Envy may be an emotion shaped by evolution to resolve large resource disparities in zero-sum ancestral environments. Previous research has found evidence for two types of envy: benign envy, which drives greater effort and self-improvement; and malicious envy, which drives hostility toward the better-off target. We predicted that perceived resource scarcity would stoke either type, moderated by individual differences. Specifically, we predicted that high self-esteem would steer people toward benign envy and self-improvement, whereas narcissism would spark malicious envy. After completing the Rosenberg self-esteem scale and the Narcissism Personality Inventory (NPI-16), participants were randomly assigned to either read an article detailing severe cuts to university financial aid budgets (scarcity) or an article summarizing various forms of financial aid (control). Each article ended with the same envy-inducing paragraph about a particularly affluent scholarship-winner, after which participants completed a measure of both envy types, capturing feelings, appraisals, and behavioral tendencies. Results show that self-esteem predicts less malicious envy, while narcissism and scarcity predict more. Self-esteem and narcissism interact such that self-esteem dampens the effect of narcissism on malicious envy. Self-esteem predicted benign envy when narcissism was low, but not when it was high.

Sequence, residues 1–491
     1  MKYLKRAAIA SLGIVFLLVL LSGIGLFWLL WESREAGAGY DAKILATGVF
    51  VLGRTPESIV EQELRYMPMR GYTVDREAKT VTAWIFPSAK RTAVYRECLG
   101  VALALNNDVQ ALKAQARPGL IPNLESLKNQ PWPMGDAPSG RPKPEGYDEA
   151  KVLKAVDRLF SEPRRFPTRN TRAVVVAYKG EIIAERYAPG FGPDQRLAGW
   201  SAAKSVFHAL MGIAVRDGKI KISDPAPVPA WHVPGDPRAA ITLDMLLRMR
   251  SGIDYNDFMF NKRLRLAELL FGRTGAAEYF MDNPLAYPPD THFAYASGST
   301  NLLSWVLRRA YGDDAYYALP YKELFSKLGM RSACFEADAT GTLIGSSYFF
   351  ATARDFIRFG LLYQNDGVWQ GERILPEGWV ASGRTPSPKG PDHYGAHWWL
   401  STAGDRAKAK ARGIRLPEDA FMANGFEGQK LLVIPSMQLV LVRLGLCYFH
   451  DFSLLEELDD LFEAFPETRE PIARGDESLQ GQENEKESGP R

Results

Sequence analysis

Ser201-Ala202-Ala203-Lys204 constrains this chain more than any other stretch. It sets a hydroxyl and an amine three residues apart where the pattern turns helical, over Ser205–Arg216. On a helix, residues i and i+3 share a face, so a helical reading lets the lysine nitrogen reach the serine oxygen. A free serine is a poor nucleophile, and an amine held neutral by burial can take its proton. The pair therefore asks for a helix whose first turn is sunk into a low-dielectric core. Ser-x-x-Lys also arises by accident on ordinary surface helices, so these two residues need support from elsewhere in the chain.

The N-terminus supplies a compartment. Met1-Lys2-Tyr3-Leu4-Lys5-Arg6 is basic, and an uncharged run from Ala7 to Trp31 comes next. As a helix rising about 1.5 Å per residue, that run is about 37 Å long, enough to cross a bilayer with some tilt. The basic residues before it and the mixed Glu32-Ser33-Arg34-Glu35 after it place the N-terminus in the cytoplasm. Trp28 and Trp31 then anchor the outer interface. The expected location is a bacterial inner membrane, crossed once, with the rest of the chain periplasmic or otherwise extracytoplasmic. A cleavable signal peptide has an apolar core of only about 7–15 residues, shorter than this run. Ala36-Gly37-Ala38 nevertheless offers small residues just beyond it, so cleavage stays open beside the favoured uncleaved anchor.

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2011

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Shared environment moderates the heritability of temperament in childhood

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The interplay of genes and environment on children's development is a complex dynamic process. As behavior geneticists begin to model protective as well as risk factors, and interactive as well as main effect influences, development is elucidated. It